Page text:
Although not a walking simulator, Scorn has a lot of monotonous walking. Down passages, through open spaces, up ramps, and across gangways, players will take a lot of steps. There are also elevators to utilize and doors to open. Many switches are strange and blend into the walls, although at least the minimal HUD highlights what is interactive. So you walk around, sticking your fingers into slimy holes, and unlock doors with a key that you occasionally upgrade. Sometimes you backtrack, although not usually huge distances. It sounds simple but the experience is dreadful. Exploration is unsatisfying. The main problem is that corridors look similar and are like mazes, so it is easy to lose bearings and quite miserable to trudge along just to throw the odd switch.

Some of the tasks are puzzles, since they require a bit of brain power. To the game’s credit, there is enough variety here in terms of the puzzle design. At first there’s a sliding puzzle where you painstakingly shuffle egg sacs using a crane. Later, you will rotate small latches so multiple lights activate at once. Most of the time you are actually just performing fairly mundane tasks, like transferring an elevator pod or refilling an organic battery with the juices of a squished baby-monster. The game never provides tips on what to do, and since there is not much puzzle consistency, progress stalls when something requires a bit of thought.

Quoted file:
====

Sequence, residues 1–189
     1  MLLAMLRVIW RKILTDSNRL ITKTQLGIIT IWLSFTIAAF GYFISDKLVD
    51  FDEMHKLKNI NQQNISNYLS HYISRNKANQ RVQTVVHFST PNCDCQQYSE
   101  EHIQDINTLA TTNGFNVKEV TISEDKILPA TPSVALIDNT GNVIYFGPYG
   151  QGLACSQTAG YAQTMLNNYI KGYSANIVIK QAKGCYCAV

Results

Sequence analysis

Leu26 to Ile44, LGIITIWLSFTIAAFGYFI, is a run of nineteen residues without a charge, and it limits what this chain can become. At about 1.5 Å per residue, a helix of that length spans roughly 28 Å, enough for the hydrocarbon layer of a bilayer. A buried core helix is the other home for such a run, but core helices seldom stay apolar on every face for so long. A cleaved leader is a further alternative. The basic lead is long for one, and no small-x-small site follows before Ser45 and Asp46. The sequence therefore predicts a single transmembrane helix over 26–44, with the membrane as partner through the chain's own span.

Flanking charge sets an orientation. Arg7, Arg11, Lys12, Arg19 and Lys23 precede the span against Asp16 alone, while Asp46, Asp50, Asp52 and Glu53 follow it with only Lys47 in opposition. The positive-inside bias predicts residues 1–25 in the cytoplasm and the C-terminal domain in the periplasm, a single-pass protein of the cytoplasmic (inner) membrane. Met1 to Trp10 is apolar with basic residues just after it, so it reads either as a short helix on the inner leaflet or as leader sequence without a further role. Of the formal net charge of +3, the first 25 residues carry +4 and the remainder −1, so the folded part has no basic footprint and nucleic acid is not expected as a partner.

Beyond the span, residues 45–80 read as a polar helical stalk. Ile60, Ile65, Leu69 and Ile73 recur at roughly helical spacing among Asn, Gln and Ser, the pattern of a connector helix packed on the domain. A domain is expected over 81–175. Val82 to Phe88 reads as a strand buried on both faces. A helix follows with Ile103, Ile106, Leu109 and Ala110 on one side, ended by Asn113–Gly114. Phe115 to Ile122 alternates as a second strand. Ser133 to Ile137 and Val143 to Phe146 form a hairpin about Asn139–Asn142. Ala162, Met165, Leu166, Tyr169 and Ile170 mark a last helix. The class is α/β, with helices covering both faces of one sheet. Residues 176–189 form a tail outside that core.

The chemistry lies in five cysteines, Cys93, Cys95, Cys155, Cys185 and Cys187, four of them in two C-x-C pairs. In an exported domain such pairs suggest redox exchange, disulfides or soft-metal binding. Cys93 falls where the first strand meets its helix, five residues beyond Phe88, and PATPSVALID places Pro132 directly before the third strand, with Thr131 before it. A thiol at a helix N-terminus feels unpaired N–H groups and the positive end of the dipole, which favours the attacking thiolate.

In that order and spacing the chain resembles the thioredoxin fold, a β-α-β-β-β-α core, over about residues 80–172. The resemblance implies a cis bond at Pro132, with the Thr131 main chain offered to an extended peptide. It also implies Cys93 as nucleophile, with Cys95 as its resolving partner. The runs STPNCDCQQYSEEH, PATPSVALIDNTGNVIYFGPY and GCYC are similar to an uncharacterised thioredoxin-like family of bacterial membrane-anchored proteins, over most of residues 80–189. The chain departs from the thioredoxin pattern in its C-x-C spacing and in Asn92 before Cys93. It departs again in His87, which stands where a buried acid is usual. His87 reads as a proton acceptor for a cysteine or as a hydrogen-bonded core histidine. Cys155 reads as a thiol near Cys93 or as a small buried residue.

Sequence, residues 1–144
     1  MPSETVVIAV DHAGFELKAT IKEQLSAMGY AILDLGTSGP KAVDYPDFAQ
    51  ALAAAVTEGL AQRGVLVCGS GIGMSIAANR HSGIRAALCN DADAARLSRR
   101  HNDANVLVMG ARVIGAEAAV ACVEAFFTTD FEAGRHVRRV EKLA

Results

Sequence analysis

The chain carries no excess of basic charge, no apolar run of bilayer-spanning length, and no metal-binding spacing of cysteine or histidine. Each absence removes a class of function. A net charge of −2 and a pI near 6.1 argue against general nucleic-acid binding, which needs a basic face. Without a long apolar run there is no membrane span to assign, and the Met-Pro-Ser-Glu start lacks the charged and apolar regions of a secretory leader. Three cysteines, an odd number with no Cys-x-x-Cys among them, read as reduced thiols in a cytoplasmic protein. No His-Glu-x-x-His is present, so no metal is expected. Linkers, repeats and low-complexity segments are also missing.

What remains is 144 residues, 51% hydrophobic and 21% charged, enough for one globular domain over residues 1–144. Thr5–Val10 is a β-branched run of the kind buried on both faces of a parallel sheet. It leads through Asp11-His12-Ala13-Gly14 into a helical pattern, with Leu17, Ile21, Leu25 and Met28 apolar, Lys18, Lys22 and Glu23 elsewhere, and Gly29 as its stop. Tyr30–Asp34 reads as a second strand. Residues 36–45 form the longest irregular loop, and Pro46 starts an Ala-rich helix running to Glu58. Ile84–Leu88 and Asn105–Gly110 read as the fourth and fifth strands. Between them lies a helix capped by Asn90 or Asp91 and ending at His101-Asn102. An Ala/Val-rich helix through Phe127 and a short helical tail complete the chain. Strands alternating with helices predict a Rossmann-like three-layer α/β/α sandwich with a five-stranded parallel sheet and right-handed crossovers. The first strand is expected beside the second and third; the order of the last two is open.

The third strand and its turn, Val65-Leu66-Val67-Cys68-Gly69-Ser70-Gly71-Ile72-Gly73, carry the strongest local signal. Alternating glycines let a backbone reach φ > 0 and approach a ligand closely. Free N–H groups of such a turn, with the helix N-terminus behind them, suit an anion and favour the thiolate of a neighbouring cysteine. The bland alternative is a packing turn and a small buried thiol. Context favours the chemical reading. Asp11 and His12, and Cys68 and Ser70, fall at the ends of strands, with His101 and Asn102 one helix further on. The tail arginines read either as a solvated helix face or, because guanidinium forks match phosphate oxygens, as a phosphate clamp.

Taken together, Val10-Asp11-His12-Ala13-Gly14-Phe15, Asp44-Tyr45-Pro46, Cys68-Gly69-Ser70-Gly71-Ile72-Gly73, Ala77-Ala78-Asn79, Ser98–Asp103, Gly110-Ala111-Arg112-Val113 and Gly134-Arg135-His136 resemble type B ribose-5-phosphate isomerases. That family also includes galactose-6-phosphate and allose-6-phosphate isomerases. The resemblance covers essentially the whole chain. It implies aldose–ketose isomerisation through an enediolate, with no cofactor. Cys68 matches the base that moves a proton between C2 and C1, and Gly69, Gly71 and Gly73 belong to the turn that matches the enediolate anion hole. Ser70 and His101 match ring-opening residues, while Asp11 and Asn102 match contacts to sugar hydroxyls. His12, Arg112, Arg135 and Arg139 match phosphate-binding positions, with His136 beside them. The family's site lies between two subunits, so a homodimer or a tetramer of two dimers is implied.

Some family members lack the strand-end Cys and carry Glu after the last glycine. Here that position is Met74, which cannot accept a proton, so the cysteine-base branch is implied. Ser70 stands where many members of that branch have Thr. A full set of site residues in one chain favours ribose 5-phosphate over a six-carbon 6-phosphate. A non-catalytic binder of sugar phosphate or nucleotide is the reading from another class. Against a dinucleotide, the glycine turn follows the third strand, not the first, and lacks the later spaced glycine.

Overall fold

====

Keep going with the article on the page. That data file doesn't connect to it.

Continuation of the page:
Combat does not need much thought, but it is slow and clunky. As you explore, contorted flesh beasts emerge and a basic arsenal can dispatch them. There are only four weapons and four enemy types, but the last of both only appear briefly in a boss-battle scenario. The first weapon is a close range impact hammer with unlimited ammo. It takes a while to recharge after firing just twice, so running backwards and hiding is practically required. After a kill, the hammer can get stuck inside the faceless enemies and there is a ten-second animation to withdraw it, while other hostiles wait patiently nearby. The other two main weapons are the equivalent of a pistol and a shotgun. Both have limited ammunition, short ranges, and slow reload times. To stock up on health and ammo, special wall devices need to be used and, as you might guess, these take forever to dish out supplies.


The enemy types are bland and not that smart. One crawls and vomits acid. Another flaps tiny wings and lobs toxic projectiles from further back. And the third is a bigger enemy that shoulder-charges with some power; this one takes many shots to kill, and blocks you into a corner while you struggle to reload between the falling-over animations. Strategy for combat involves using the terrible impact hammer wherever possible, to preserve ammo. Another technique is to wait it out, because some beasts will climb onto the fleshy growth and crawl away. The third method is to just run past the smaller enemies, strafing like crazy and hoping their attacks miss. This latter approach is nice and quick, but also risky because save points are rather far apart. Dying can mean replaying a decent chunk of action, and doing more shooting than the bare minimum is an unpleasant thought.